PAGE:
Industries, Drillers Aid Police in Ohio River Shore Security

Pittsburgh Tribune-Review
27 February 2012
By Matthew Santoni

Riverfront industries and gas drillers are helping police in Beaver County establish response plans for emergencies along the Ohio River shore and raise money to operate a patrol boat.

"It's a very busy part of the river system," said James McCarville, executive director of the Port of Pittsburgh Commission.

In August, police in Beaver and Center formed the Beaver Valley River Response Task Force and used a $187,000 federal grant to buy a patrol and rescue boat for the stretch of river from the Ohio border to the Dashields Lock & Dam in Leetsdale.

Since then, officers have worked with industries and towns along the river — including FirstEnergy's Beaver Valley Nuclear Power Station and the coal-powered Bruce Mansfield Power Station, both in Shippingport — to set up agreements for emergency responses and waterfront safety patrols, said Detective James DeGori of Beaver.

"Any industry that has an interest in the waterway would have an interest in the boat," said Center police Chief Barry Kramer. Emergencies that disrupt or delay river traffic could affect industries along the Ohio, Monongahela and Allegheny rivers, he noted.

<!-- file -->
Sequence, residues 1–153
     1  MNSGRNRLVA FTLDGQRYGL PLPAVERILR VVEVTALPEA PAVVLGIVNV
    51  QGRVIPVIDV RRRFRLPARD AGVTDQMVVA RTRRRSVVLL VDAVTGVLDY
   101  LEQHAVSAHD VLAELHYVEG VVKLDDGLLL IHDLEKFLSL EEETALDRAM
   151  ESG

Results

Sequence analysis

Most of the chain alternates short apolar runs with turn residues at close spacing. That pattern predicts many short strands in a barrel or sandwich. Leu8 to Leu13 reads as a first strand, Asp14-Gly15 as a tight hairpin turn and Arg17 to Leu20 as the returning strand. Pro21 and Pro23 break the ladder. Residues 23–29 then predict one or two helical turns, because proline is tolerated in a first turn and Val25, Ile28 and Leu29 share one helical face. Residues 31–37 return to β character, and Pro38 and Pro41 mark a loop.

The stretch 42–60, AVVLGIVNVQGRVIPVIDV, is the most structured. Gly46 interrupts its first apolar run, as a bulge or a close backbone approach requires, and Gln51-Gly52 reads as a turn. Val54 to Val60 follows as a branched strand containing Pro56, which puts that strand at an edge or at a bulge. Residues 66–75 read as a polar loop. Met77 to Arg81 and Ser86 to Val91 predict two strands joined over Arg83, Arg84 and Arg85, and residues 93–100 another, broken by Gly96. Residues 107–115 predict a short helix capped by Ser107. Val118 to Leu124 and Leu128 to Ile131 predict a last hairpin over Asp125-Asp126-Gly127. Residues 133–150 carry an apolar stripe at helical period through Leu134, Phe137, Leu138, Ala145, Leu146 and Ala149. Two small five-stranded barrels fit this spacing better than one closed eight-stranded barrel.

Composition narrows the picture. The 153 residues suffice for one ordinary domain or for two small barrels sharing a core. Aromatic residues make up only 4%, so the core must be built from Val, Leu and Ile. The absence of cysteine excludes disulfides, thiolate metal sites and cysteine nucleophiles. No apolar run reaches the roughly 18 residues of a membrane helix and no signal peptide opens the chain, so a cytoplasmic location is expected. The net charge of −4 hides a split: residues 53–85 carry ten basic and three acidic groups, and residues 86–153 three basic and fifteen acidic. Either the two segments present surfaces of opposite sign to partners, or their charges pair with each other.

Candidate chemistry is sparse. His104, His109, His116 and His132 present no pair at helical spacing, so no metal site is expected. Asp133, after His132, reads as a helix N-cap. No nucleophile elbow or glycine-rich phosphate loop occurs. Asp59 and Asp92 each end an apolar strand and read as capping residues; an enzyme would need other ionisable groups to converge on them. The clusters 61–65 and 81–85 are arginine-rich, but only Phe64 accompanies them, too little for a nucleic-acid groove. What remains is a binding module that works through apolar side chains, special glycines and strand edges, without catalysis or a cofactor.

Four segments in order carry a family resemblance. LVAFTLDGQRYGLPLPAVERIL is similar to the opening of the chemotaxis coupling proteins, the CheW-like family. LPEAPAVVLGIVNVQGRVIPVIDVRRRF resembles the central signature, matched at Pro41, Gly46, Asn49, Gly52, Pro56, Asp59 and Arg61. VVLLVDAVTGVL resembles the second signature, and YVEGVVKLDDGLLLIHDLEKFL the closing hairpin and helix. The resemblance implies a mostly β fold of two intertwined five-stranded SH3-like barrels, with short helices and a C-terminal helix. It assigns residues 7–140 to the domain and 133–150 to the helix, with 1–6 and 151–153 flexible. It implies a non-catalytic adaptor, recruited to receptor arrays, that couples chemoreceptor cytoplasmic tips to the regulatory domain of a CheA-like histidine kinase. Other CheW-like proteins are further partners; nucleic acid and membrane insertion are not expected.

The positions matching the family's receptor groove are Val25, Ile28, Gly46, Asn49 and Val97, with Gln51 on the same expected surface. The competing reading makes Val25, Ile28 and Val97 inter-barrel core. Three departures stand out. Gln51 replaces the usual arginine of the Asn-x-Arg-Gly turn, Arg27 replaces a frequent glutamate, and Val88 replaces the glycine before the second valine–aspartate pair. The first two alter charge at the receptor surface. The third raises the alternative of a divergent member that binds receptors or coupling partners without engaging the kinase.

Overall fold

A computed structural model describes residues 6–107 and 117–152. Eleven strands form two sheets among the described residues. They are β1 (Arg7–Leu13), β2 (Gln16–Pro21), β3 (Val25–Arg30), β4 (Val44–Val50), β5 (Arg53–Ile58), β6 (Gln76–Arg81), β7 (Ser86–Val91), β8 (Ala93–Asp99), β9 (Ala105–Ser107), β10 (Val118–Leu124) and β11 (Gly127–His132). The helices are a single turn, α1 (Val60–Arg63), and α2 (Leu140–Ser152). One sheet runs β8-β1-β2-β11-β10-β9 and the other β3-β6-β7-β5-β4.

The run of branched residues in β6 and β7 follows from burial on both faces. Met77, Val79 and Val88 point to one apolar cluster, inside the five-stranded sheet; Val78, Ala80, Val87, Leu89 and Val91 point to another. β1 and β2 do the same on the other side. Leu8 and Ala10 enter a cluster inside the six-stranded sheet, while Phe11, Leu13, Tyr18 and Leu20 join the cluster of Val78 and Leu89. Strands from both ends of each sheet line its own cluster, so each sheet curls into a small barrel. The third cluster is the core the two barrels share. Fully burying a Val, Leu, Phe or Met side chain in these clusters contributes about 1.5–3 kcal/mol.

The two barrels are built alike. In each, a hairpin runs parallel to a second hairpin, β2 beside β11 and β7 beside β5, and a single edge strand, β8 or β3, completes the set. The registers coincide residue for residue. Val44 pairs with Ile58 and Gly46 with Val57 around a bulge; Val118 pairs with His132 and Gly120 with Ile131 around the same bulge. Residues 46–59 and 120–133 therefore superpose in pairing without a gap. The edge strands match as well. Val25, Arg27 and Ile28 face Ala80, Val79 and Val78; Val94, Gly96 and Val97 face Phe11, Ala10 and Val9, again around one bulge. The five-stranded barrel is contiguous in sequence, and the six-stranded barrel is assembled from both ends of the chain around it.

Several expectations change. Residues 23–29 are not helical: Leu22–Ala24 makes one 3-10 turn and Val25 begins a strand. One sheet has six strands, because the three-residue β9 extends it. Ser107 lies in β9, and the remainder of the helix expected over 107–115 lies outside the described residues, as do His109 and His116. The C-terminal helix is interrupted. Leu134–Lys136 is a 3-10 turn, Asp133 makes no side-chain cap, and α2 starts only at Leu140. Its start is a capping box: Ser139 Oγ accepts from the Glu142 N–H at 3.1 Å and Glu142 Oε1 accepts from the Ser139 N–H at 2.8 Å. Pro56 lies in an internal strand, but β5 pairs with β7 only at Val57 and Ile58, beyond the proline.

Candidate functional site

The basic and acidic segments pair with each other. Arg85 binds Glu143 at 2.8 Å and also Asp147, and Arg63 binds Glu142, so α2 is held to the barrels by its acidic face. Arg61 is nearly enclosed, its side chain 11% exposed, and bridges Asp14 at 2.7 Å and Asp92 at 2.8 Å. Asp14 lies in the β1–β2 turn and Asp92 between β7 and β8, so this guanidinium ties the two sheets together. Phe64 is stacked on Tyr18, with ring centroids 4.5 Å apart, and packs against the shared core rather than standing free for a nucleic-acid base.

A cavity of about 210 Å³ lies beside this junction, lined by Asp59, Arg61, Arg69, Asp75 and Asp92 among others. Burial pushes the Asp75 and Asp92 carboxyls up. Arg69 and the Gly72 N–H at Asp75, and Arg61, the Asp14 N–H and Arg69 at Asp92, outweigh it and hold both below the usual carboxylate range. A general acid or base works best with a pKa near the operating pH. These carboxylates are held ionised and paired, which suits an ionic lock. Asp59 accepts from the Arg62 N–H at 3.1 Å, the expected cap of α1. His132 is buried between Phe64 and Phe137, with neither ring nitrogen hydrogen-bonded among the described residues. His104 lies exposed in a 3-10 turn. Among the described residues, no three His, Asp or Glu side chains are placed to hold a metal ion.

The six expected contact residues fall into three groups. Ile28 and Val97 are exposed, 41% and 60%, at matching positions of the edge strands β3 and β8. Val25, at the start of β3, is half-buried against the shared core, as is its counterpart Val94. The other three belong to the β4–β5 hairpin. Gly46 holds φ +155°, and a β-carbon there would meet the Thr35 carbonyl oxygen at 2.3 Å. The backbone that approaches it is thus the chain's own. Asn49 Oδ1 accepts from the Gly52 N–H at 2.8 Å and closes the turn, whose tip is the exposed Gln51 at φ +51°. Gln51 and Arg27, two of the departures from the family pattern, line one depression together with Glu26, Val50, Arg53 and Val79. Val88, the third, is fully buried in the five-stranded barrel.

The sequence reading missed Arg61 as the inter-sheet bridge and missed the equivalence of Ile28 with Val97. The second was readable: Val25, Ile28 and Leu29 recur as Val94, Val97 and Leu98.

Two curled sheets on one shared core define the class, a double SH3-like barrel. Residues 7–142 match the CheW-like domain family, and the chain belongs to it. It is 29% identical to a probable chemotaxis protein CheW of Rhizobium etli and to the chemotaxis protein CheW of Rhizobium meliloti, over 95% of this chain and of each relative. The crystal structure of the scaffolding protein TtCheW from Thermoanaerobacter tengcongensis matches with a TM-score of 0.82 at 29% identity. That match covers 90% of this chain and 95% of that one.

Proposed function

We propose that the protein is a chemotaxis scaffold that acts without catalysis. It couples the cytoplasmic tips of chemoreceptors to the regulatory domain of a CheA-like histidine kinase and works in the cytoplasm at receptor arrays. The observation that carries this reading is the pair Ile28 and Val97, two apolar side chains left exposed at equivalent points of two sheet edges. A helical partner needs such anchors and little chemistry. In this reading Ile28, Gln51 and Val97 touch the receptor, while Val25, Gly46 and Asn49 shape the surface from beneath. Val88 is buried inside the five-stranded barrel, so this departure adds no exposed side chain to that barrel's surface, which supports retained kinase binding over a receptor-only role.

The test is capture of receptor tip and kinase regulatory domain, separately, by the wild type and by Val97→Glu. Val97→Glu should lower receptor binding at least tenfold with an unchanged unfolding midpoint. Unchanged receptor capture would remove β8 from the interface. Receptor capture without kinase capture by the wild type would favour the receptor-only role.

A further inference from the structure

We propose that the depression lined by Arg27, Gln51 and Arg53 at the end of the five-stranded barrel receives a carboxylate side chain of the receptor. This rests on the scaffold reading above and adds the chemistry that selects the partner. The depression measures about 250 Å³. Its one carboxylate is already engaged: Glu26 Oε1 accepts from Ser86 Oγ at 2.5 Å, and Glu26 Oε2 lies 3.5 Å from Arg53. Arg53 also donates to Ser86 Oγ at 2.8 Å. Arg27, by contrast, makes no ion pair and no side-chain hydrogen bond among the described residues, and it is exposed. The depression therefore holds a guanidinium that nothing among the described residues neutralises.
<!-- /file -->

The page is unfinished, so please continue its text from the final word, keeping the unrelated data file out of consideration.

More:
So far, police have raised about $20,000 through agreements with companies and by selling ads on the side of the truck and trailer for towing the boat, which costs about $5,000 a year in fuel and maintenance. That cost does not include personnel, who come from the two towns' police departments and receive extra training and licensing, Kramer said.

The boat is stored for the winter, awaiting equipment upgrades such as a new radio and on-board battery charger, Kramer said.

Army Corps of Engineers spokesman Jeff Hawk said the task force could help respond to emergencies at the Montgomery Locks & Dam in Industry, and it participated in a drill in autumn simulating a medical emergency aboard a boat passing through the lock. Given Montgomery's advanced age and decrepit conditions, it's good to have extra help if a problem occurs, he said.

Jennifer Young, spokeswoman for Akron, Ohio-based FirstEnergy, said the task force would supplement existing river protection through the Coast Guard, cutting response time to emergencies and adding security for the Beaver Valley power plant.

"This provides a more constant presence from the water," Young said.

The next step, DeGori said, is forming partnerships with other industries that could affect the rivers, such as drilling companies tapping natural gas reserves in the Marcellus shale.

He said he is researching which gas companies have sites near the river, to set up assistance agreements for fires or spills.

The boat could assist with environmental emergencies by deploying floating booms to control spills. It also could fight fires with a water cannon or a pump that rapidly refills tanker trucks with river water, and it could assist with search and rescue operations, DeGori said.

Matthew Santoni can be reached at or 412-380-5625.